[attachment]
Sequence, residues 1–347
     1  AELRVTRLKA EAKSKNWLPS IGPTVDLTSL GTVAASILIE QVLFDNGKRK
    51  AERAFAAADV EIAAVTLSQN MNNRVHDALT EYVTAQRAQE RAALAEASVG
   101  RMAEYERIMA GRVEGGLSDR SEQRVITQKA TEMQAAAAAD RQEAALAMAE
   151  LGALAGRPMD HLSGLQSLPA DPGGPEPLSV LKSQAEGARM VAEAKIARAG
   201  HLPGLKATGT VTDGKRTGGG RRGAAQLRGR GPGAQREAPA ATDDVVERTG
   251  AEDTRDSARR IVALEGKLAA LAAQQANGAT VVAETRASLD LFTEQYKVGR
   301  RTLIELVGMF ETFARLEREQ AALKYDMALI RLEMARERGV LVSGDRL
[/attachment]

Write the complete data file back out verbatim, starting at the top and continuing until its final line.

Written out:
Sequence, residues 1–347
     1  AELRVTRLKA EAKSKNWLPS IGPTVDLTSL GTVAASILIE QVLFDNGKRK
    51  AERAFAAADV EIAAVTLSQN MNNRVHDALT EYVTAQRAQE RAALAEASVG
   101  RMAEYERIMA GRVEGGLSDR SEQRVITQKA TEMQAAAAAD RQEAALAMAE
   151  LGALAGRPMD HLSGLQSLPA DPGGPEPLSV LKSQAEGARM VAEAKIARAG
   201  HLPGLKATGT VTDGKRTGGG RRGAAQLRGR GPGAQREAPA ATDDVVERTG
   251  AEDTRDSARR IVALEGKLAA LAAQQANGAT VVAETRASLD LFTEQYKVGR
   301  RTLIELVGMF ETFARLEREQ AALKYDMALI RLEMARERGV LVSGDRL